Teach English in Spain with CIEE
87% Rating
(22 Reviews)

Teach English in Spain with CIEE

NEW - Teaching Assistant Positions in Andalucía!

For years, CIEE has offered paid Teaching Assistant placements in the Region of Madrid. Now, we are also able to place assistants in small towns in the Region of Andalucía in southern Spain! It's a picturesque agricultural area with easy access to the sights of Córdoba, Granada, Sevilla and Málaga.

Get paid to work as an English Language Assistant at a primary or secondary public school in the Region of Madrid or the Region of Andalucia. The diversity of cities and small towns in these areas means you can set yourself up for an immersive local experience or a more urban, international expat scene. You will have plenty of free time to travel, study Spanish, volunteer, or give private English lessons!

From start to finish, CIEE will be there to support you throughout your experience teaching abroad. In addition to arranging a job for you in Spain, you will receive a high level of pre-departure support including an online course to help you prepare for your adventure in Spain. You'll get detailed guidance on the visa process and travel and emergency medical insurance. Our 24/7 support and in-country orientation will ensure that you are prepared and connected throughout your entire program with CIEE Teach Abroad.

A CIEE TEFL Certification will give you the tools you need to succeed at being a teacher starting on your first day. Learn more about CIEE’s TEFL Certification Courses.
6-12 Months
1 Year+
Salary / Benefits
Monthly Stipend: 1000 Euros (Madrid), or 700 Euros (Andalucia); temporary accommodations during arrival and orientation
Weekly Classroom Hours
Classroom Audience
High School
Middle School
Other Locations

Questions & Answers

Because we work through the North American Language and Culture Assistant initiative with the Ministry of Education in Madrid, only citizens of Canada and the United States are eligible for our Teach in Spain programs.
Finding housing was pretty easy. There was a lot of anxiety when I initially started the process, but once I got started it was no big deal. I think I looked at 4 or 5 places and once I picked a place I got the keys that day. It was also nice because landlords let you pick how long you want your contract to last, so you don't have to sign for a year if you aren't staying quite that long.
Yes, it is enough money to get by. Although, if you want to travel, I recommend doing some tutoring lessons. Since you only work 16 hours a week, picking up 4 to 5 extra hours isn't a big deal-also a great way to meet locals. I made an extra 400-500 Euros a month this way.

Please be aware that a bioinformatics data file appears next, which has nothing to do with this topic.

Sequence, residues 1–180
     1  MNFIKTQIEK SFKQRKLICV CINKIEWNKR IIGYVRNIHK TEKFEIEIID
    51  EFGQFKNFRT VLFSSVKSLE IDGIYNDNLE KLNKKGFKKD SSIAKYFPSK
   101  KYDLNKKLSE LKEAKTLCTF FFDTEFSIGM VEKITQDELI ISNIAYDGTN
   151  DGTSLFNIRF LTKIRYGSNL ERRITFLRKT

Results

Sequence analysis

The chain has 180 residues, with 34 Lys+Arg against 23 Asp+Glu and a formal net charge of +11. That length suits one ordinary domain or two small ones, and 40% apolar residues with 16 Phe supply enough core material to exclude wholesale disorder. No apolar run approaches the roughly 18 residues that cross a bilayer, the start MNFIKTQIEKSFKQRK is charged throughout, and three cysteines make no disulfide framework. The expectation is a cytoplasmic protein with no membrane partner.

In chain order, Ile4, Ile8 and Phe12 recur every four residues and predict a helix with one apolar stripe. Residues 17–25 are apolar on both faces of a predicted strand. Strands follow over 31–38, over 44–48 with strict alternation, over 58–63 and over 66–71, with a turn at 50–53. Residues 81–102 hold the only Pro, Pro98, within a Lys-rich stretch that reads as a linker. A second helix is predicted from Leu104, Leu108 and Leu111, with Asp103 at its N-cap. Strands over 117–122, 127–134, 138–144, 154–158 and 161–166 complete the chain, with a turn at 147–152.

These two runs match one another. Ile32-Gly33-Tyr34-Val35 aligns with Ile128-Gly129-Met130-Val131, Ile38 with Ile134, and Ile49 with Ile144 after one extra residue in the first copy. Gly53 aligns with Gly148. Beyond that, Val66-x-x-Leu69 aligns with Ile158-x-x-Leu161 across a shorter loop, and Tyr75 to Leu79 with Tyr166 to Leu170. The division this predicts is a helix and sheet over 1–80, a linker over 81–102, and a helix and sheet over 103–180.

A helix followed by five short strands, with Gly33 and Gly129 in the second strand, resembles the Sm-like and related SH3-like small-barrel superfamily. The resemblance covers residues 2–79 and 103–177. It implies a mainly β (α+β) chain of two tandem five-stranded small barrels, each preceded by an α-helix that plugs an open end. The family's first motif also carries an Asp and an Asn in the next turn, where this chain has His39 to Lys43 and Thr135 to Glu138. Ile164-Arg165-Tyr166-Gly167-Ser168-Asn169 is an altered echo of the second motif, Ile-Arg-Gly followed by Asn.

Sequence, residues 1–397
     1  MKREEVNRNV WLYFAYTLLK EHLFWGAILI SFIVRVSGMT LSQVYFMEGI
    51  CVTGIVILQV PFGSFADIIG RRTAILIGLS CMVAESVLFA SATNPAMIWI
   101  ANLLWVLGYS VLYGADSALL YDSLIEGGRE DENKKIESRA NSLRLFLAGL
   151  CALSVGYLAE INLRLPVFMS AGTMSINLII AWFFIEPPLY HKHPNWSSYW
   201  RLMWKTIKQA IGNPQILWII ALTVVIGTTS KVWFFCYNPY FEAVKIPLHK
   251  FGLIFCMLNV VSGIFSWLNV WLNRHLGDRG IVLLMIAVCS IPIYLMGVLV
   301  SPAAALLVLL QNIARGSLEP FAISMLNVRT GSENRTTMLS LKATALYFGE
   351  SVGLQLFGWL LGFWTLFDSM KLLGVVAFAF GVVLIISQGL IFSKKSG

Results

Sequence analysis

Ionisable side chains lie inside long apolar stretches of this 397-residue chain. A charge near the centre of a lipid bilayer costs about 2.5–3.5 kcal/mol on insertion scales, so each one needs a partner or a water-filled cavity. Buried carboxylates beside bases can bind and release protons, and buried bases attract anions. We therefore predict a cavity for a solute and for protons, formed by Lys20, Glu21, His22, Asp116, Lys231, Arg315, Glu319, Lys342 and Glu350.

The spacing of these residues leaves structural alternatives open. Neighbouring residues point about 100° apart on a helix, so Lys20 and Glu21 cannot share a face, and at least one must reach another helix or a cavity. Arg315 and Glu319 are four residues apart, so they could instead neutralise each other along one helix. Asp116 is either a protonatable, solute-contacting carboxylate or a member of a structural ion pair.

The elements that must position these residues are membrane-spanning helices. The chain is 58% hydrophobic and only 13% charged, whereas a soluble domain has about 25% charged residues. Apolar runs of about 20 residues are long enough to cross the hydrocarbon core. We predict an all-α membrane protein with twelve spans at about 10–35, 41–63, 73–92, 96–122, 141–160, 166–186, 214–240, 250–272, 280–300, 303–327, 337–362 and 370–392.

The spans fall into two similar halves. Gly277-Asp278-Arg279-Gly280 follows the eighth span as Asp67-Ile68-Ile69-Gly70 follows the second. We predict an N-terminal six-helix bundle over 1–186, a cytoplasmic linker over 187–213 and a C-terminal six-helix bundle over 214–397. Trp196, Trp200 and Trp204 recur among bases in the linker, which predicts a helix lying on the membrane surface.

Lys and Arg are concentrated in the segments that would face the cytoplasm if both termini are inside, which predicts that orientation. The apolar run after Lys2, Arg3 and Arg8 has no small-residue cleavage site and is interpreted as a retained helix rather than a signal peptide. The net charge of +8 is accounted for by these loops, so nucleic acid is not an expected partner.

Program Reviews

based on 22 reviews
  • Benefits 8.5
  • Support 8.9
  • Fun 8.9
  • Facilities 9.1
  • Safety 9
Showing 16 - 22 of 22
Default avatar

Teach Abroad - Save Your Money

I would suggest applying directly through the Ministry and finding a Facebook page for the Auxiliares who will be able to answer the questions that you have. I did the teach abroad program here in Spain and I wished that I had saved my money.

They were helpful with the visa application although that is something that you can easily figure out. They also offered a TESL course, which now that I am here seemed very unnecessary for the job (and you had to pay extra).

Once I got to Spain, I was shocked by the level of carelessness and lax that the coordinator in Spain had. In fact it was so bad that she could not answer most of the questions that people had and she gave out wrong information. At this point I am still waiting on documents from them that would have been faster had I just solicited the documents myself when I arrived.

No, I don't recommend
Default avatar

CIEE Teach Abroad - Granada

There's no doubt that my experience with CIEE Teach Abroad was excellent. For someone that had never lived abroad before, the support of the staff (in particular for orientation) was fantastic and gave me the confidence that I needed to live abroad independently.

How can this program be improved?

Provide services for finding a shared apartment

Yes, I recommend
Default avatar

Spain CIEE

For anyone who has never been to Spain before, CIEE is the perfect program. There variety of programs and there staff were really helpful through the visa process. Also, once we were in Spain they were knowledgeable and gave helpful and solid advice for how to complete the NIE (número de identidad) process, how to open a bank account, and how to find housing.

Yes, I recommend
Default avatar

Priego de Cordob

I have had an awesome time living in Priego de Cordoba. The people at my school are so nice and willing to help me in any way possible. I only work 12 hours a week so I have a lot of time to travel and enjoy the local culture here in Spain. The biggest negative of my placement is that it is very hard to get anywhere since the bus routes are very long from my town.

Yes, I recommend
Default avatar

Best year of my life!

I went through the 2-week immersion program, so my first few weeks in Spain were filled with orientation schedules, host family obligations and a general frenzy. Once finished with orientation, I had to sort out my rusty Spanish, my apartment, my roommates, my school, my transportation, and my routine – amidst on onslaught of cultural shocks and new sights. But with the foundation and the tools that CIEE provided me, I felt more prepared to face those challenges and knew that I had a support system to combat any issues I couldn't handle on my own. Over the course of the year, CIEE offered us private lesson opportunities, monthly newsletters, a frequently updated forum, and contests to keep us involved. Not only that, but my fellow CIEE participants were the people who became my closest friends in Spain. CIEE grouped us by region during orientation, so the friends that I made in the first couple of weeks were close by enough to visit and travel with.